Times are clearly bad when Hongkongers are more worried than they were during the SARS outbreak in 2003.
And according to a recent survey by the Chinese University of Hong Kong, that's exactly what has happened.
The financial maelstrom has nearly killed consumer confidence and dampened the job outlook to points around or below where they were five years ago, the survey says.
The university's Centre for Quality of Life interviewed 506 adults in late October, determining that the consumer confidence index dropped 6.3 points, month-on-month, to 59.8 - slightly above the level during SARS, when the index fell as low as 55.
And Hongkongers' employment confidence is even worse than during the SARS period, as the index of employment confidence has plunged from 44.1 in September to 22.5 in October, setting a record low since the survey was first conducted in February of 2000.
The majority of respondents (81 percent) expected the employment situation to deteriorate next year.
The respondents also felt the economic outlook will be gloomy, as close to 70 percent said the business environment in the coming year will be bad.
Seventy percent of respondents agreed that Hong Kong is entering a period of recession.
"The survey results show that consumer and employment confidence of Hong Kong people has been greatly affected by the recent financial tsunami," said Andy Kwan Cheuk-chiu, director of the Centre for Quality of Life.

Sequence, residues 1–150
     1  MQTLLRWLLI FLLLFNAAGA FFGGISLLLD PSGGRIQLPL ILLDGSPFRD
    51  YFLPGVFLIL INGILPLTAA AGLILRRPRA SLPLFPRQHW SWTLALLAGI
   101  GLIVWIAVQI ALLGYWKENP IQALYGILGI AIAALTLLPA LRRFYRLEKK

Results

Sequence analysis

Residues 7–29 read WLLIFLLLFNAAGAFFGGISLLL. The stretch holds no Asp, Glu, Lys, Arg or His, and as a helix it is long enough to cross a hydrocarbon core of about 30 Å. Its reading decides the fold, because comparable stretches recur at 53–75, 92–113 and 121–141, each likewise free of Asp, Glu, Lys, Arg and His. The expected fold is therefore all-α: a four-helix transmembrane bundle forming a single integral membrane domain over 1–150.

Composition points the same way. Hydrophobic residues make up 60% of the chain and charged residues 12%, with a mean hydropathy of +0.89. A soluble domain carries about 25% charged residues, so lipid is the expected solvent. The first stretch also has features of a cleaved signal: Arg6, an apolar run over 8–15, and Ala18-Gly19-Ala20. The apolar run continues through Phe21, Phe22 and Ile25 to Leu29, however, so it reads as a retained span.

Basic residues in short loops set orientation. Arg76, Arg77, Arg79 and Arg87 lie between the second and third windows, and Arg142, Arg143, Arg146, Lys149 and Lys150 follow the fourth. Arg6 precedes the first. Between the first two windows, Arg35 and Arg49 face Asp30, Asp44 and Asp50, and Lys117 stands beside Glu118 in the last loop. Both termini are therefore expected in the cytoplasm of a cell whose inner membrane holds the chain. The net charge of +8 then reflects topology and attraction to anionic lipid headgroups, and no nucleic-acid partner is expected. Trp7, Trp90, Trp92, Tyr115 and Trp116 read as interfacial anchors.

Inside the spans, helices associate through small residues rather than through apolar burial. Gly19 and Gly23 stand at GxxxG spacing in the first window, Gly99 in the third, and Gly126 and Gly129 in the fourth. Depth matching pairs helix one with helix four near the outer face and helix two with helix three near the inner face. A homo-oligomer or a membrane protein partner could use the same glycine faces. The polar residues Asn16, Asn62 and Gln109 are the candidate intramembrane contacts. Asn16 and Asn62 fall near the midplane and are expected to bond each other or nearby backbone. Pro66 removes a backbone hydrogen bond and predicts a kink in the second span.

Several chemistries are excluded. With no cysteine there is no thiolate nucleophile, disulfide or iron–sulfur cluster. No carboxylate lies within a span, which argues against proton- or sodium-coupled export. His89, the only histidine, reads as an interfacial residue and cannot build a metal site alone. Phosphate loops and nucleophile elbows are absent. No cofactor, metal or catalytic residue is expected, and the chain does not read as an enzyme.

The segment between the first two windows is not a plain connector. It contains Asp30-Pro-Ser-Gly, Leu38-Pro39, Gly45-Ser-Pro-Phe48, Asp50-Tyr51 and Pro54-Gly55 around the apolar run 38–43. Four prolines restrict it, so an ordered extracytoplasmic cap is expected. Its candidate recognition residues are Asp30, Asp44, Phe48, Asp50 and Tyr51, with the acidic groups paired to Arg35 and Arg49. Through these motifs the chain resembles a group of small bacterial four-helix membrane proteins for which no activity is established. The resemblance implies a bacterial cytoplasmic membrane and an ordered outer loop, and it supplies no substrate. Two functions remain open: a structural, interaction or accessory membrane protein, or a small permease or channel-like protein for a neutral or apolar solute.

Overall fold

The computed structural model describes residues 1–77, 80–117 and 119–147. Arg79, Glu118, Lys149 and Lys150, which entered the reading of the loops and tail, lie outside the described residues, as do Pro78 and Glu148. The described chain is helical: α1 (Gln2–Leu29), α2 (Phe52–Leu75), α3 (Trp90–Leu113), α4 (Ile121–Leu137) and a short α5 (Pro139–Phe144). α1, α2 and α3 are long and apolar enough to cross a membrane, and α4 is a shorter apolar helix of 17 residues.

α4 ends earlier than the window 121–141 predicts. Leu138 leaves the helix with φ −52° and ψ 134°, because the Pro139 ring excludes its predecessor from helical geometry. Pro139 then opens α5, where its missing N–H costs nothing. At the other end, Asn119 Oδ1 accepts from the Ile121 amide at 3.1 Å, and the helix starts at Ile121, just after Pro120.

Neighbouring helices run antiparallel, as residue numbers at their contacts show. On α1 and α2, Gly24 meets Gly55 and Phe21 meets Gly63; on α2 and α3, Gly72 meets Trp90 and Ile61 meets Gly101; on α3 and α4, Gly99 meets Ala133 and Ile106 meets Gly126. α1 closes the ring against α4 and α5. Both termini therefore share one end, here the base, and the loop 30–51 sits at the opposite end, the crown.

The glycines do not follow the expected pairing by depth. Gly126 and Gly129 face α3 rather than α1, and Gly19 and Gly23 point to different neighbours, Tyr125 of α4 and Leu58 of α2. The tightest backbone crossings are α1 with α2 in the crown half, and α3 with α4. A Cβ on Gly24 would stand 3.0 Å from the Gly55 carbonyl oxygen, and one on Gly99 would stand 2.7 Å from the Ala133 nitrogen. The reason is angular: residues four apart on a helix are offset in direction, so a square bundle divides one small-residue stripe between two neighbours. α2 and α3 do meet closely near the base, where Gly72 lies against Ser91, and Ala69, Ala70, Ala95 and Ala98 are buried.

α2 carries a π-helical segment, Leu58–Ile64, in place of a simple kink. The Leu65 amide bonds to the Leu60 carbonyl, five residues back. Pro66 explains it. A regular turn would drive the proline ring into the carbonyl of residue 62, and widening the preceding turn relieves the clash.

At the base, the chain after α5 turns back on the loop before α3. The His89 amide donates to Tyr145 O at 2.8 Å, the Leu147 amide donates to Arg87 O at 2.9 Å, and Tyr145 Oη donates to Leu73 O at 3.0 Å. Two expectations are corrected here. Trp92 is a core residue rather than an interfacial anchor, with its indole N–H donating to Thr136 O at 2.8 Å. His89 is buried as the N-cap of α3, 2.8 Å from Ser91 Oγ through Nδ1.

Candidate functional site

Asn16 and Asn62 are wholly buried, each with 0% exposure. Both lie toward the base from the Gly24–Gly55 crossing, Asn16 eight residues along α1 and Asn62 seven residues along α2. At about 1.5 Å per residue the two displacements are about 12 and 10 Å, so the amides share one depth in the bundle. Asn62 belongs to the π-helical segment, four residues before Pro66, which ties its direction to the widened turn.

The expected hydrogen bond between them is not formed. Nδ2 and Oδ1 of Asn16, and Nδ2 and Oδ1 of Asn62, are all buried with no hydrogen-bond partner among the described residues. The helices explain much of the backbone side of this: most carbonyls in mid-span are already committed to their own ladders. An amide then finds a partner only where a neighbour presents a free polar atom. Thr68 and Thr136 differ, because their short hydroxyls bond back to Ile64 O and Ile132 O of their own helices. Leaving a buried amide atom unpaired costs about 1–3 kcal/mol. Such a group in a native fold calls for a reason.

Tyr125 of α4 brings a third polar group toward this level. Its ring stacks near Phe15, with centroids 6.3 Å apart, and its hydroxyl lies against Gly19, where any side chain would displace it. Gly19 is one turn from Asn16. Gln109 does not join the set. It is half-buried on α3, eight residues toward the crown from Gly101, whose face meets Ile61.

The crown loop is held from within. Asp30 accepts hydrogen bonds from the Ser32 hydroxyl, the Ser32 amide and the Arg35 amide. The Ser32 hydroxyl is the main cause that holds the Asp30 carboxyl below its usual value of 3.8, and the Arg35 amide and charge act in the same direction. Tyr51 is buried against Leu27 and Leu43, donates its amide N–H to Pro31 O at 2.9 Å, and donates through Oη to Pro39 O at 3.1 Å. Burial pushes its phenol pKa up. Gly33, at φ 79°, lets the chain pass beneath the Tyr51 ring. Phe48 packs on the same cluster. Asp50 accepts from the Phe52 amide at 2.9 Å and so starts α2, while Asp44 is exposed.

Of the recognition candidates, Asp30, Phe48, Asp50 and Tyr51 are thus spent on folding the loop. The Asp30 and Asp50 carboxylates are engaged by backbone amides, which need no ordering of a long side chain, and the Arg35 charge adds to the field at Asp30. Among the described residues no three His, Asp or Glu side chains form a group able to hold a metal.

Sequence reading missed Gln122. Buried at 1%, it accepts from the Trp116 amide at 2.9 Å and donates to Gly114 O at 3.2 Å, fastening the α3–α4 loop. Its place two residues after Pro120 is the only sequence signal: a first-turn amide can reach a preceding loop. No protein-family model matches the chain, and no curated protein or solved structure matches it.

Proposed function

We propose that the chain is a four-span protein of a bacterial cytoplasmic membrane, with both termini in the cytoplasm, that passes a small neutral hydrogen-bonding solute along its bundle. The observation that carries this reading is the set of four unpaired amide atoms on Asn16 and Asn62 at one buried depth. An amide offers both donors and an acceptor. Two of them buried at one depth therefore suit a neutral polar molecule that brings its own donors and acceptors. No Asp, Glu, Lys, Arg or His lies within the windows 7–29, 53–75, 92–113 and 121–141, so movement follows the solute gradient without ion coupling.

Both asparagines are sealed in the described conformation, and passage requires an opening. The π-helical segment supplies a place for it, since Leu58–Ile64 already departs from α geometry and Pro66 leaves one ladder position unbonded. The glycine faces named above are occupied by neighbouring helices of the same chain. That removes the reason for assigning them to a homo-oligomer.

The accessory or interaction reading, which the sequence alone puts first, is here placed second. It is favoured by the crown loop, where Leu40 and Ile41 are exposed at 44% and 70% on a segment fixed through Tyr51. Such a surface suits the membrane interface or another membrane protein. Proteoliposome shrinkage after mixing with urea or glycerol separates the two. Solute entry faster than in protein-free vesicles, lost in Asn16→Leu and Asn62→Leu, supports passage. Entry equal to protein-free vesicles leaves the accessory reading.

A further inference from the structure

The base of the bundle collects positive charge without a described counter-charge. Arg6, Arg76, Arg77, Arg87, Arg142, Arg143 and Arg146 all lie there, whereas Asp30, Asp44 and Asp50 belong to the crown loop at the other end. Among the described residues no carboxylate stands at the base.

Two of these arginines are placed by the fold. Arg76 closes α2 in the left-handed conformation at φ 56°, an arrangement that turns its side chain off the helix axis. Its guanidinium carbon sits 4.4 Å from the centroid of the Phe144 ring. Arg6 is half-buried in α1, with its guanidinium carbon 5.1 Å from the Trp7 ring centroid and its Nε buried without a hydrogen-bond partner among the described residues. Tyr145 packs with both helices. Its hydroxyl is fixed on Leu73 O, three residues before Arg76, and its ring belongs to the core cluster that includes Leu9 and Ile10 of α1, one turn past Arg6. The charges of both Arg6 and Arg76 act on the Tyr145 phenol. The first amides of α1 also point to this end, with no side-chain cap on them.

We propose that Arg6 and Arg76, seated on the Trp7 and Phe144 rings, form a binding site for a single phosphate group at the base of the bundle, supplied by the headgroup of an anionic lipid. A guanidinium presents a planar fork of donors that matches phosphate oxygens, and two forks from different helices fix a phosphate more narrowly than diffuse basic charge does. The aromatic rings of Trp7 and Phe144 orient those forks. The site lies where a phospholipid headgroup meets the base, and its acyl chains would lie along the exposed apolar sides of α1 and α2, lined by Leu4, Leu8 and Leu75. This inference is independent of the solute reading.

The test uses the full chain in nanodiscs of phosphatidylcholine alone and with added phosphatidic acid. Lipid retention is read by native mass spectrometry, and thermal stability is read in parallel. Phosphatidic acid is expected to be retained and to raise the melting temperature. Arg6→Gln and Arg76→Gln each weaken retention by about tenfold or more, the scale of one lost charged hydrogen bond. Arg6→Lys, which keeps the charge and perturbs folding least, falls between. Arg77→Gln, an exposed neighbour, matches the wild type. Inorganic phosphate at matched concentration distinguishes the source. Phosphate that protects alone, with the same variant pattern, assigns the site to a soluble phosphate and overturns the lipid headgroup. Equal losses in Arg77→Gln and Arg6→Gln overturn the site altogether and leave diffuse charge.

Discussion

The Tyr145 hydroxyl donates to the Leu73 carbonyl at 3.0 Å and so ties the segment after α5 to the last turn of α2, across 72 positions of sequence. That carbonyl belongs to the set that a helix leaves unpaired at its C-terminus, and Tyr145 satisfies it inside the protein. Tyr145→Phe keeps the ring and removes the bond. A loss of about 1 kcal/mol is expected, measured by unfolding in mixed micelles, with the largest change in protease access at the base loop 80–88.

Kwan said he expects the effects of the financial tsunami on the local economy to continue into next year. The financial, retail and catering sectors have been hardest hit amid the turmoil.
He said the pessimistic sentiments of consumers will adversely affect domestic demand, and he cited restaurant and retail-chain closures in the last two months.
After reviewing economic statistics, Kwan said he expects the recession in Hong Kong to last for three more quarters and the local economy to gradually rebound around next spring or summer.
To pull the city out of a recession, he suggested the government make use of its HK$440 billion fiscal reserve to cut taxes and create more temporary jobs for the unemployed.
Meanwhile, the working people, he said, should equip themselves with more skills and be cautious with their money.
(HK Edition 11/07/2008 page1)